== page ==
An essential improvement of the onset detection when using the auditory

model can be noted for the violin (over 20 %). However, for the slow


10 Nadja Bauer, Klaus Friedrichs, Dominik Kirchhoff, Julia Schiffner and Claus Weihs

trumpet and flute tone sequences a significant decline of the detection accuracy

can be observed using the auditory model based approach. This can

be explained through the delayed response of high frequency channels of the

auditory model. In order to improve the auditory model based onset detection

the detailed study of auditory model behavior depending on musical characteristics

of audio signals is required and is the aim for our further research.

Additionally, we plan to compare the features we used for onset detection

(amplitude difference and correlation between spectra) with the ones used by

Benetos et al. (2009) and to develop a strategy for combining these features.

Further, other approaches for processing the channel outputs of the auditory

model can be considered, for example by taking the channel order into account.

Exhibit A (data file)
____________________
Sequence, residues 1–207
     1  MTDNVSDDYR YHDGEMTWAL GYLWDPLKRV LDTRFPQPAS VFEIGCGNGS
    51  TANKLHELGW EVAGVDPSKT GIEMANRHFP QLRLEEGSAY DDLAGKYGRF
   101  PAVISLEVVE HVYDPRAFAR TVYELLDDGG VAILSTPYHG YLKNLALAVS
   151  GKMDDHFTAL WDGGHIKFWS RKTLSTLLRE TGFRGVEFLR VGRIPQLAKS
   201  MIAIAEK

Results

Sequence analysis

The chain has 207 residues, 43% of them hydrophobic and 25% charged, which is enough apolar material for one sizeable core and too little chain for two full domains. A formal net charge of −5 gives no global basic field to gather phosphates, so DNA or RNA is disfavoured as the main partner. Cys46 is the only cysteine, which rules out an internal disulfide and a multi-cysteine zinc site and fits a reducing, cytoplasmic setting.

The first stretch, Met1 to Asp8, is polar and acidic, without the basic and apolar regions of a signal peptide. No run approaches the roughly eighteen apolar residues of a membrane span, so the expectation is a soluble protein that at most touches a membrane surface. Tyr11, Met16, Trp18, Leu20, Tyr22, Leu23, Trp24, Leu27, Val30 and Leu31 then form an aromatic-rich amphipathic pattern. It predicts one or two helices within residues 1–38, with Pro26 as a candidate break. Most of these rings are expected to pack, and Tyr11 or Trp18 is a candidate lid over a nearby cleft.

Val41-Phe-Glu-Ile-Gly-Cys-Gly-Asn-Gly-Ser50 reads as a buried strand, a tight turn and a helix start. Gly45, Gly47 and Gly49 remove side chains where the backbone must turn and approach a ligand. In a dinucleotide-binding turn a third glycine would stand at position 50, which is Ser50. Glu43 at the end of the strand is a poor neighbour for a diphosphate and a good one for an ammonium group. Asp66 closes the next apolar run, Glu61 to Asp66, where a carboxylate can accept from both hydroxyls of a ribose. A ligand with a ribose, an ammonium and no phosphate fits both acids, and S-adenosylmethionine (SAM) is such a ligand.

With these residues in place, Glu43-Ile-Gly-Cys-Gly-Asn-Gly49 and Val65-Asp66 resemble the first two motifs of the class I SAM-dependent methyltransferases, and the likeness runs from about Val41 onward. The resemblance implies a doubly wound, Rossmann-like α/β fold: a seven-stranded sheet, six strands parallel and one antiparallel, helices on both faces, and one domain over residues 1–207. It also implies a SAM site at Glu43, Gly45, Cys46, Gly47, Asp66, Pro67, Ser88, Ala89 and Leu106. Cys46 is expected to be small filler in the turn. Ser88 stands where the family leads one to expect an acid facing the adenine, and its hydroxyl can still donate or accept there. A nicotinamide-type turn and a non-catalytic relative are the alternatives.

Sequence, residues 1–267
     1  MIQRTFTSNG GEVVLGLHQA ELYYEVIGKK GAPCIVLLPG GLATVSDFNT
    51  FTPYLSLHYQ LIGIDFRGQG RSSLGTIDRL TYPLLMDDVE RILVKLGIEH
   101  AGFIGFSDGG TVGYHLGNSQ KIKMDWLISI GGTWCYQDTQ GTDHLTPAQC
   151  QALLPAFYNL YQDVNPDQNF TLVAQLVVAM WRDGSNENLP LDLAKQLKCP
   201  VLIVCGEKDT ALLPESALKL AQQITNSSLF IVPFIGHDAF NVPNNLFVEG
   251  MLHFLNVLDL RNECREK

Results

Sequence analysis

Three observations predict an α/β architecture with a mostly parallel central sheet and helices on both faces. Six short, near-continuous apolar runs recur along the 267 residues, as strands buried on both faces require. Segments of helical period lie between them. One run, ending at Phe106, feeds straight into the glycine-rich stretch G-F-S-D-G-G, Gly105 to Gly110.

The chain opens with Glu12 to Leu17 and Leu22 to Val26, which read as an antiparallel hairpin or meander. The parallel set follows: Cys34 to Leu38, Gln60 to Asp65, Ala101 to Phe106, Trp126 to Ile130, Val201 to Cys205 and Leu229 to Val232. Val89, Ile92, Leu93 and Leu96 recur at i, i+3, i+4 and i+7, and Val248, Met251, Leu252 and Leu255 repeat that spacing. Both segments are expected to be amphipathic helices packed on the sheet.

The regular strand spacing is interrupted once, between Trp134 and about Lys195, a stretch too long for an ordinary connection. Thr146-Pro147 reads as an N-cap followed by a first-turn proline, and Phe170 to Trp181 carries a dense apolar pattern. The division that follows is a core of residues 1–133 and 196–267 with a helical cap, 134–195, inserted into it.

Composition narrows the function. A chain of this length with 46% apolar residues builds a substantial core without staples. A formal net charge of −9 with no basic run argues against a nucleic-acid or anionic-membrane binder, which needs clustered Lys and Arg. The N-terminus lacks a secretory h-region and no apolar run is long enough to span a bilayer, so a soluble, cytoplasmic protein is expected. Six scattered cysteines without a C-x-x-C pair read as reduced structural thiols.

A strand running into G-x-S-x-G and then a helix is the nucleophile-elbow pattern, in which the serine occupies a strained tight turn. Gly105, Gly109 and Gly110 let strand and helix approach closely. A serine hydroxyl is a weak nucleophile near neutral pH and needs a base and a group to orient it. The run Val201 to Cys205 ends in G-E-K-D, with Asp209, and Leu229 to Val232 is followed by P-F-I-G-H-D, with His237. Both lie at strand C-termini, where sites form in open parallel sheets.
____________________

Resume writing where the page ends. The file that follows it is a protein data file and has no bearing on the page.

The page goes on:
Acknowledgements

This work was supported by the Collaborative Research Centre “Statistical

Modelling of Nonlinear Dynamic Processes” (SFB 823) of the German Research

Foundation (DFG), within the framework of Project C2 “Experimental

Designs for Dynamic Processes” and Project B3 “Statistical Modelling of

Highly-Resolved Spectro-Temporal Audio Data in Hearing Aids”.

References

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Güte der Einsatzzeiterkennung. Discussion Paper 10/2012. SFB 823, TU Dortmund

BELLO, J. P., DAUDET, L., ABDALLAH, S., DUXBURY, C., DAVIES, M. and SANDLER,

M. B. (2005): A Tutorial on Onset Detection in Music Signals. IEEE Transactions on

Speech and Audio Processing, 13 (5), 1035–1047.

DIXON, S. (2006): Onset detection revisited. In: Proceedings of the 9th International Conference

on Digital Audio Effects (DAFx-06), 133–137.

BENETOS, E., HOLZAPFEL, A., STYLIANOU Y. (2009): Pitched instrument onset detection

based on auditory spectra. 10th International Society for Music Information Retrieval

Conference (ISMIR 2009), 105–110.

MEDDIS, R (2006): Auditory-nerve first-spike latency and auditory absolute threshold: A

computer model. Journal of the Acoustical Society of America, 116 , 406–417.

GOTO, M., HASHIGUCHI, H., NISHIMURA, T., and OKA, R. (2003): RWC Music

Database: Music Genre Database and Musical Instrument Sound Database, Proceedings

of the 4th International Conference on Music Information Retrieval (ISMIR 2003), 229–

230.